The government announced the two officers involved have been suspended pending an investigation, and an autopsy on Ordonez would be carried out.
‘A significant event’ The latest unrest comes two days after unsuccessful attempts were made to revive protests by workers’ unions to protest the economic and social policies of President Ivan Duque which had brought tens of thousands of people into the streets in late 2019. The government responded by sending heavily armed riot police into the streets and imposed curfews in major cities.
“With last year’s November protests, the government action to quell them and the coronavirus, this basically put a lid on a lot of social angst that was happening in Colombia,” political analyst and director of Colombia Risk Analysis, Sergio Guzman told Noble Reporters Media‘s known Media.
“I think that because the entire issue has not just been mismanaged by the government but just miscommunicated, this [recent action] really threatens to blow up as a significant event.”
He said the current protests reflect not only anger and frustration over police actions, but are also about the lack of political will to investigate wrongdoing.
“I expect this is the start of a much bigger period of political unrest that will coincide with the governments plans to open the economy, so this is going to be a major set back in some of these plans,” Guzman said.
“There is a lot of discontent about unresolved issues which were quieted due to restrictions,” Gimena Sanchez-Garzoli, Andes director for the advocacy group Washington Office on Latin America (WOLA) said.
“The ongoing use of the stun gun after the lawyer is clearly disarmed and not fighting was not necessary. Disproportionate use of force in Colombian police forces is not a new problem neither is the misuse of weapons meant to disperse protests or pacify.”
Human Right Watch (HRW) Americas also criticised the police handling of the protests.
“We have received serious reports of excessive force by members of Bogota’s police,” HRW Americas Director Jose Miguel Vivanco said on Twitter.
“Citizens have every right to protest and should do so peacefully.”
Chile rescue team says it has found signs someone may still be alive beneath the rubble of a collapsed building.
A Chilean rescue team said it detected signs of life underneath the rubble of a building that collapsed in the massive explosion that tore through Beirut one month ago.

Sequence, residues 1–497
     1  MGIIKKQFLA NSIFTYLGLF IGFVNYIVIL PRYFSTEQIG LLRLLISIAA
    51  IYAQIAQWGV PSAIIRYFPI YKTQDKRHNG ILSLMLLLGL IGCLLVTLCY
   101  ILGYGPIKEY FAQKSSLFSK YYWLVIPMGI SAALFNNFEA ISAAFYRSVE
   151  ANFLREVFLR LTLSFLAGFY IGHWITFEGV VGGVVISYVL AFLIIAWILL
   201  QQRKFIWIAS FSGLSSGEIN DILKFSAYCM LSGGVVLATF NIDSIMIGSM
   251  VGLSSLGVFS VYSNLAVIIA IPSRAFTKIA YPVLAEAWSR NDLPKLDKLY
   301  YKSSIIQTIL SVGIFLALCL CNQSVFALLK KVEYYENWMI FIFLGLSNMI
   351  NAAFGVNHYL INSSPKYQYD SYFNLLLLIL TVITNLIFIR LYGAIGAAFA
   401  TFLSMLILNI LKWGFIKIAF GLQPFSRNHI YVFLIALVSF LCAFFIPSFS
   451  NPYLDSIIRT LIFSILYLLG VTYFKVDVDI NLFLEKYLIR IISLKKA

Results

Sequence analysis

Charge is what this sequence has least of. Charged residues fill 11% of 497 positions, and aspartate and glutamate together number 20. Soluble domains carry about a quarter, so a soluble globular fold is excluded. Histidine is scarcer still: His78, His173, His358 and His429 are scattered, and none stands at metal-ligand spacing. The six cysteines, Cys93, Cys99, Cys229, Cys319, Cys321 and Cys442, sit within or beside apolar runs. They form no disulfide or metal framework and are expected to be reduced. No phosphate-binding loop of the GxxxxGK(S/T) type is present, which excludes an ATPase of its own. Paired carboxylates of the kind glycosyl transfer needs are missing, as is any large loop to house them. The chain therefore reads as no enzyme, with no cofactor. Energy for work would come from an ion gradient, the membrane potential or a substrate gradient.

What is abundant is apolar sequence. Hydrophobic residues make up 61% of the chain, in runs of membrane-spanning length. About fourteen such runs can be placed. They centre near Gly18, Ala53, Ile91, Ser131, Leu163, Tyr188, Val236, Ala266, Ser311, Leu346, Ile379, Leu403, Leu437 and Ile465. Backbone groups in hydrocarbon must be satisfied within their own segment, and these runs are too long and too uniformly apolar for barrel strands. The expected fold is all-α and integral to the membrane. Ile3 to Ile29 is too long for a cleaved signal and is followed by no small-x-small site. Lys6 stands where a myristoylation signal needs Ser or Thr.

A member of the TOPOS CHILE rescue team told Noble Reporters Media‘s known Media that, using a scanning machine, it discovered signs of a pulse and breathing near the ground floor of the collapsed building.
He said it most likely belonged to a child, adding that the team also found the presence of at least one body.
The August 4 explosion, that killed 191 people and injured more than 6,000, destroyed much of Lebanon’s capital.
The Chilean team had been visiting streets in the capital as part of a mission to secure buildings before the reconstruction phase when one of their search dogs ran towards a building and alerted them of human presence, Akram Nehme, member of the Achrafieh 2020 NGO that helped bring TOPOS CHILE to Beirut, told Noble Reporters Media‘s known Media.
Edward Bitar, a member of NGO Live Love Lebanon working with TOPOS CHILE in Lebanon, said they had detected 18 breath cycles per minute emanating from under the rubble using the sensor.
“We are trying to keep hopes low. If someone is found, it would be a miracle,” said Bitar.
TOPOS CHILE often heads to disaster zones, including to Japan’s Fukushima region in 2011 when a nuclear reactor exploded.
In 2010, it helped rescue a man in Haiti after he spent 27 days in the rubble caused by an earthquake.
Looking for life Bitar said the owner of the building had attested to the fact that no one was inside.
But a number of people on the scene said they had alerted security forces of the smell of decomposition emanating from the building in the days after the blast, adding that security forces did not search the rubble.
Official search-and-rescue efforts have long-since been called off.